still not over it in South Bend
We're back with a trips formation.
Check out that guy lined up outside of Mathews way out there: that's a linebacker. He is on the LOS outside of a couple wide receivers. Weird.
Michigan will run a zone stretch, and Illinois will do what they did:
Again we see the backside defensive end crashing in with no thought for Threet. He can do this because Miller is shooting out to contain the QB, like we saw on the last play.
Also, check the linebacker, already flowing upfield as soon as he sees the play start.
Check the very top of the screen: if Michigan was to throw a bubble screen Odoms would probably get lit up, as the linebacker has used his advantageous position to hop past the wide receiver. This defense takes away all three prongs of the Rodriguez system.
But it doesn't take away everything. Look at the vast huge gaping hole between that linebacker and Miller. If Odoms was just to not go anywhere, or if he was to run a little hitch to the line of scrimmage, he would be wide open. Illinois's secondary is playing in the parking lot. If Odoms was to come in at the snap and establish a pitch relationship with Threet, there's no one to cover him on the option. This is not defeat for the zone read; it's just defeat for Michigan's zone read at this moment.
Anyway, McGuffie is forced to cut back because Schilling's been driven into the backfield…
… and gets smooshed.
The instant conclusion to jump to is that Rodriguez got beat. Illinois regularly deployed this gimmicky defense specifically aimed the staple of his offense. It has big gaping flaws in it that Michigan did not adjust to. They assumed Michigan would run on first down, put themselves in a position to stop it, and did; Michigan did not go to a throwing mode.
It's not that easy, of course, when you're a coach at a new school and you're using freshmen everywhere. Illinois, like Oregon, has guys who have been in this offense for multiple years and they pulled out a vast array of sleight-of-hand. Michigan probably doesn't have that rabbit in its hat yet.
Still… doing the UFR here was a sad trip into the recent past. At this point we know the line is better at pass blocking than run blocking—though Ortmann was way worse at guard than he was a tackle—and that teams are teeing off on the zone-read/bubble on first and ten; too rarely did we go away from that.
Hey, guess what? Michigan's run game against Illinois sucked donkey. This was partly Michigan's offensive line getting beat, but it was also partly Illinois outscheming Rodriguez.
To wit: first and ten on Michigan's second touchdown drive on the Illinois 25. Michigan comes out in a standard 3-WR set; Illinois has their base formation on the field with a linebacker over Odoms.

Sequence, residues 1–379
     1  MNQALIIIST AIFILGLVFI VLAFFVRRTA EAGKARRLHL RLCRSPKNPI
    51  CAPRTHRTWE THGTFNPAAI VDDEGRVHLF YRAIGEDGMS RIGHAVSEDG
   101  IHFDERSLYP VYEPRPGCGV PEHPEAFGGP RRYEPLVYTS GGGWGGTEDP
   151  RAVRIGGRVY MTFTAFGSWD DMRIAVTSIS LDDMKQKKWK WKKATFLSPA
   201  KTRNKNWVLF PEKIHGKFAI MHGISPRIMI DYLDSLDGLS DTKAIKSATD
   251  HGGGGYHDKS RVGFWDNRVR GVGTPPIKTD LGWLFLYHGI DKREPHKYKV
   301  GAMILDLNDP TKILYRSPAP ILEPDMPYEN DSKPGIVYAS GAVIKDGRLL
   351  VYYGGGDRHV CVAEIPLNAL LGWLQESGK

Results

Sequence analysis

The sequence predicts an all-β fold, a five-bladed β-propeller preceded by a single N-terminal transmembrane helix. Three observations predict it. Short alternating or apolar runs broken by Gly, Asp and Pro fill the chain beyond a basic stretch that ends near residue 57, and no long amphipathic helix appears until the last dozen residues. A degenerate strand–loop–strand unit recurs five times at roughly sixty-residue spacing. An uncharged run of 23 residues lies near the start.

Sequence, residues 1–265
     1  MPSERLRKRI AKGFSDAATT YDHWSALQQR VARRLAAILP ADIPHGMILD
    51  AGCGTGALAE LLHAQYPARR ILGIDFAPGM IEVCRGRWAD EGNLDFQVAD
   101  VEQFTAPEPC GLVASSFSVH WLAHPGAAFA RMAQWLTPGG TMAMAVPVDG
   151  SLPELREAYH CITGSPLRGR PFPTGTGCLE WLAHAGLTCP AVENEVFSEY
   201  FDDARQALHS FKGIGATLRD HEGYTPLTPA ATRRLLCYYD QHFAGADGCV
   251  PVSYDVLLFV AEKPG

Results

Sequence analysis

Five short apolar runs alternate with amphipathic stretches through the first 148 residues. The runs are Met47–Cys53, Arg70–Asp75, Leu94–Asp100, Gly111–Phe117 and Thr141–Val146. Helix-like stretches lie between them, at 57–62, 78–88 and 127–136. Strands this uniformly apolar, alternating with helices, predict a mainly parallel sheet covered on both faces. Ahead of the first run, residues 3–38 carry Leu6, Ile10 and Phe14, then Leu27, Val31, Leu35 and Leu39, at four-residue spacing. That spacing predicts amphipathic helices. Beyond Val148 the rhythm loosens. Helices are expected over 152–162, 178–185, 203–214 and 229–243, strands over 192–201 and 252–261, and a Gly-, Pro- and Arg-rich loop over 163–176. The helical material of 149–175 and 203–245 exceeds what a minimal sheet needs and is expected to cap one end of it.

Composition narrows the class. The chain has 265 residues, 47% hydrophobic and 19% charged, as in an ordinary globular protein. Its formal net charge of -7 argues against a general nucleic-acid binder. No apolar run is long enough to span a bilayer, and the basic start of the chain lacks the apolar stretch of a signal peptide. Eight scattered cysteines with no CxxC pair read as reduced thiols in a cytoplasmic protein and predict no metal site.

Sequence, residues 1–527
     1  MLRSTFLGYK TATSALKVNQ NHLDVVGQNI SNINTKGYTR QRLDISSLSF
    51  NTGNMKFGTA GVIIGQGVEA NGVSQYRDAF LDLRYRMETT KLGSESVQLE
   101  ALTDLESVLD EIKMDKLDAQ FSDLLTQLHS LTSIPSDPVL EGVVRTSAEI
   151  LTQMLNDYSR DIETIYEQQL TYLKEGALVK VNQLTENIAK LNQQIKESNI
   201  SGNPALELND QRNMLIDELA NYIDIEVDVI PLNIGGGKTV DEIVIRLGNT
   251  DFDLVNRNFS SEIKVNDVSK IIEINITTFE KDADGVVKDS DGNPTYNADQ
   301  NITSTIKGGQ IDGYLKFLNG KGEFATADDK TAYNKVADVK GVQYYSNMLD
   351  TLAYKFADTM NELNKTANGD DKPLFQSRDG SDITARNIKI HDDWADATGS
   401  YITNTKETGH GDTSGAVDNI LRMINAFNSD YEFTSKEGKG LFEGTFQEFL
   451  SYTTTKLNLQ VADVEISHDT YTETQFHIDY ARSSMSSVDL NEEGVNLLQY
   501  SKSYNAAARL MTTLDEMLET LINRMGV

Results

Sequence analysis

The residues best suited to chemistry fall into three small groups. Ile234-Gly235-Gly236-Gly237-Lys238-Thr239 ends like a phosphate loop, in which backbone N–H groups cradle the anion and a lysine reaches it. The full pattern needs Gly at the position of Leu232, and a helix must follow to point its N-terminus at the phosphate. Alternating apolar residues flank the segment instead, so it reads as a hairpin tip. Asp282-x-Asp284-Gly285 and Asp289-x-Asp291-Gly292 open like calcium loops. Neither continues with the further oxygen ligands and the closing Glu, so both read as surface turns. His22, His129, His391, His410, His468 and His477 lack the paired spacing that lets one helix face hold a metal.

Michigan is running the same play Brandon Minor took to the house against Wisconsin; I've been terming it the "zone read dive" in the UFRs. Michigan will hand it off to McGuffie, using the zone-read induced delay on the unblocked defensive end to get out on the linebackers and shoot McGuffie into the secondary.
Problem: the defensive end couldn't give a crap about Threet. Here at the handoff he's already given up containment.
This is quickly followed by McGuffie getting swallowed whole. So Threet should keep it? Not so much, as Martez Wilson has hopped outside and Vontae Davis is crashing down, too. If Threet keeps it he's going to get tackled for loss, too:
(Also, note Molk's whiff on Miller, the only real execution issue on this play.)
And for the kicker, go up to that first frame above: that linebacker is right on the LOS, close enough to jump the bubble screen route if Michigan sets up to throw. They've got all the angles covered.
Except, of course, they don't. Michigan could combat this a number of different ways:
- Shoot Threet up into the hole originally designated for McGuffie. On this play it wouldn't work, but only because of the Molk whiff. If Molk gets a block that's into the secondary.
- Just run some play action. For Davis to get that close to the LOS he had to jump off Mathews as soon as he saw the zone read action; Mathews is now wide open.
- Throw a long handoff to Savoy. Look at the cushion, man.
They did none of these things. I've got another one of these coming in a little bit.
Earlier in the year this space featured a post detailing the carnage that had been wrought on the offensive line by poor recruiting, player development, and retention. As I was watching two sophomores and a redshirt senior who's not exactly ticketed for pro stardom, it occurred to me that the situation at LB was equally dire.
A season-by-season accounting with available players in bold:
2004 (would be fifth year seniors)
- Chris Graham didn't redshirt and is thus out of eligibility. Not that having him around would have helped much.
- John Thompson is the current starting SLB. He was a low-three star recruit.
- Brandon Logan is the only LB recruit in the class. A meh three star recruit, he was clearly not going to be a player from day one.